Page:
Writer's Digest October 2011 (PDF)

Writer's Digest October 2011 (PDF)

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You'll Love This Issue of Writer's Digest If:

  • You want to find agents accepting your type of work
  • How to make your nonfiction book proposal stand out
  • To see examples of real critiques from agents and editors

Every writer at one time or another aspires to get their work published and get paid to write. This issue of Writer's Digest spotlights literary agents. Whether you want to find an agent, learn the best ways to pitch an idea or query an agent, find top agents accepting your work, or get a better understanding of what it's like to work with an agent and what to expect — you'll find it all in this issue.

You'll also find interviews with literary agents Dave Cullen and Sarah Sper McLellan. Plus, you'll discover strategies for writing story beginnings and tips for moving your scenes forward. Buy this issue of Writer's Digest now and begin your journey to getting published!

In This Issue You'll Learn:

  • What to expect when working with a literary agent
  • How to show where your book will fit in and what will make it stand out
  • Four ways to bond your reader and characters

What You'll Find Inside:


Start Your Agent Search Here
Our annual hot list of agents is back—with 25 literary reps eager to find talented new writers. by Chuck Sambuchino

What an Agent Can Really Do for You
Make no mistake: There's a lot more to the author-agent relationship than landing that first book deal. Four successful authors share what you can expect in real life. Compiled by Jessica Strawser

Submission Workshop
Would your manuscript hold an agent's interest? Learn when (and why) reps stop reading in these real-life first-page critiques. by Kristin Nelson

Nonfiction Book Proposals in the Digital Age
To sell an agent or publisher on your nonfiction idea, it's more important than ever to show where your book will fit in—and what will make it stand out—both in print and online. Here's how to do it. by Jane Friedman

The WD Interview: Dave Cullen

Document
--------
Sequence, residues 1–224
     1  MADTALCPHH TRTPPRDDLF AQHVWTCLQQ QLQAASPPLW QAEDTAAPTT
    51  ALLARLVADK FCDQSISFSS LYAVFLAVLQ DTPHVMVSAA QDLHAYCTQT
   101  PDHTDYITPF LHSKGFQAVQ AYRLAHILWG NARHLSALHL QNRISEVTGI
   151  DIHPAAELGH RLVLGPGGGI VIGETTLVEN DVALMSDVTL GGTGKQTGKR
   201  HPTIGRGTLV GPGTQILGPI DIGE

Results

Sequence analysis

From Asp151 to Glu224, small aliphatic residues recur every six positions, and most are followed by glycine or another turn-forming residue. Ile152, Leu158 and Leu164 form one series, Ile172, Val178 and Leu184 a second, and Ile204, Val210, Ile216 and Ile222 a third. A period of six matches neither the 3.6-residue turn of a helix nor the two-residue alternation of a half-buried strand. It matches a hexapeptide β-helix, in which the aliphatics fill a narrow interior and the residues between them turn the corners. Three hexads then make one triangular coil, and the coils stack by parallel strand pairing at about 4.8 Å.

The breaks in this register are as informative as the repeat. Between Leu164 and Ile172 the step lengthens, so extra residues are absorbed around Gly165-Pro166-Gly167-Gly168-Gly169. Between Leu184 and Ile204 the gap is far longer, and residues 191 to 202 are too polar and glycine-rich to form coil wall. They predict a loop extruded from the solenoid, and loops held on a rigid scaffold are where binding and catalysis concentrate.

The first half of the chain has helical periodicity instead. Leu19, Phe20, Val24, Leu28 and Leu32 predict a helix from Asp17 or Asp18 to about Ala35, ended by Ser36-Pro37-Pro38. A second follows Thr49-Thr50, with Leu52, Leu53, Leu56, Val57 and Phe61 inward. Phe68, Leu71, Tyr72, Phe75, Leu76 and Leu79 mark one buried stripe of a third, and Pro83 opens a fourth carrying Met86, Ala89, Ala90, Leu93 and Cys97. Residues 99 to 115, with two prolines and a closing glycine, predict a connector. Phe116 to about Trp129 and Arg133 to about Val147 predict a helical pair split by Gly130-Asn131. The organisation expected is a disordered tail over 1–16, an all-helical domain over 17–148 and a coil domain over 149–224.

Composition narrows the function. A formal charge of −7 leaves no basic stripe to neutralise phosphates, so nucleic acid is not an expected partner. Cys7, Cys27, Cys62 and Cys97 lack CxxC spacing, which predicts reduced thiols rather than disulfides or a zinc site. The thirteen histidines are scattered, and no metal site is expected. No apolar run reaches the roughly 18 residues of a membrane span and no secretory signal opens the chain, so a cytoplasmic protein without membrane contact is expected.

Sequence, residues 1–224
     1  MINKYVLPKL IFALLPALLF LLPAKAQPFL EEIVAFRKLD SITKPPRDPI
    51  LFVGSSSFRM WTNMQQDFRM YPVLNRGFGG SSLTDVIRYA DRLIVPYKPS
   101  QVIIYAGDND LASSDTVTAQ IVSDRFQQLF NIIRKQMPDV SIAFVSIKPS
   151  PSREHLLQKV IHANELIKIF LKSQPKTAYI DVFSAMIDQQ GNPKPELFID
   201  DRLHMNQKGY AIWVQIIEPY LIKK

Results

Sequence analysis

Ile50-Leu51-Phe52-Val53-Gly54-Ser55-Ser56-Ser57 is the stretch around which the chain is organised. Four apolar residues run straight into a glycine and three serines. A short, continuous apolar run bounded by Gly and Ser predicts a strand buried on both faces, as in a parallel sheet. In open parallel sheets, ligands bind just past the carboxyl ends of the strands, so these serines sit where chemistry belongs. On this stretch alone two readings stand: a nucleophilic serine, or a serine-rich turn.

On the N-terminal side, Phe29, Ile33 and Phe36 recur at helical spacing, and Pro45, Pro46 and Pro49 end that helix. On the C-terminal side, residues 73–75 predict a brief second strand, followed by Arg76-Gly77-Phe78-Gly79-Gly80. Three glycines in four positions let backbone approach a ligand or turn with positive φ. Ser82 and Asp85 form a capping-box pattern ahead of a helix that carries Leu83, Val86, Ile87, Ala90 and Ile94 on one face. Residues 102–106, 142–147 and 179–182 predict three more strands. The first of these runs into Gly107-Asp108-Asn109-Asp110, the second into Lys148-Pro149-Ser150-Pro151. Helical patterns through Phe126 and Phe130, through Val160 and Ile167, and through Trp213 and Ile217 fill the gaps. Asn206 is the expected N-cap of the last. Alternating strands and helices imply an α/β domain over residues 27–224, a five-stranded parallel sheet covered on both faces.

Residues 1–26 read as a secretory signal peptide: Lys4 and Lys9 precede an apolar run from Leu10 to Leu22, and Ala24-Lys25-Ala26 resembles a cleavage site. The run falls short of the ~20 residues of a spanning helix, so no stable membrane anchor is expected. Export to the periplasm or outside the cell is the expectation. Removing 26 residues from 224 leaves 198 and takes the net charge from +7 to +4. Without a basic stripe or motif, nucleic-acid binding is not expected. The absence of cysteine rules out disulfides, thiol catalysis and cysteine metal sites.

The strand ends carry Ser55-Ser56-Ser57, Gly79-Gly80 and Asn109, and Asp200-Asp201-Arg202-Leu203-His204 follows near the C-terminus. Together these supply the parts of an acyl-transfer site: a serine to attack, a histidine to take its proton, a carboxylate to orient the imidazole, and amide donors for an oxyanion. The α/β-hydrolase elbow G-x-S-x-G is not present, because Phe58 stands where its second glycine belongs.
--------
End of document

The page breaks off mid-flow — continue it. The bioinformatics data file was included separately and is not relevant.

For this modern master of truth that reads like fiction, the best writing begins with the toughest questions—and a drive to reveal the answers in a voice all your own. by Lindsey O'Connor

WRITER'S WORKBOOK: Your First 50 Pages

The 4 Goals Your Beginning Must meet
by Les Edgerton

Second Scenes: 3 Ways to Move Forward
by Nancy Kress

4 Ways to Bond Your Reader & Characters
by James Scott Bell

INKWELL

FAN OUT!
If you've been limiting your conference search to writing events, you could be missing some great opportunities. Here's why fan conferences deserve a closer look.
by Elizabeth Sims

PLUS:
  • Leaving Your Mark
  • Top Shelf
  • Poetic Asides: The Bop
  • 5-Minute Memoir: Wish You Were Here
  • Exercise Your Pen
  • The Great E-Debate
COLUMNS

Breaking In: Debut Author Spotlight
by Chuck Sambuchino

Ask the Agent: Sarah Sper McLellan, Folio Literary Management
by Jane Friedman

Questions & Quandaries: Posting Your Fiction Online; Debating Serial Commas
by Brian A. Klems

Your Story: First Things First, Contest #33

Standout Markets: Coffee House Press; Curve; Literal Latte
by Tiffany Luckey

Conference Scene: Events for Bloggers
by Linda Formichelli

Reject a hit: Lolita by Vladimir Nabokov
Spoof-rejected by Rachel Walker

PLUS:
  • CONTRIBUTORS
  • EDITOR'S LETTER
  • ONLINE EXCLUSIVES
  • READER MAIL

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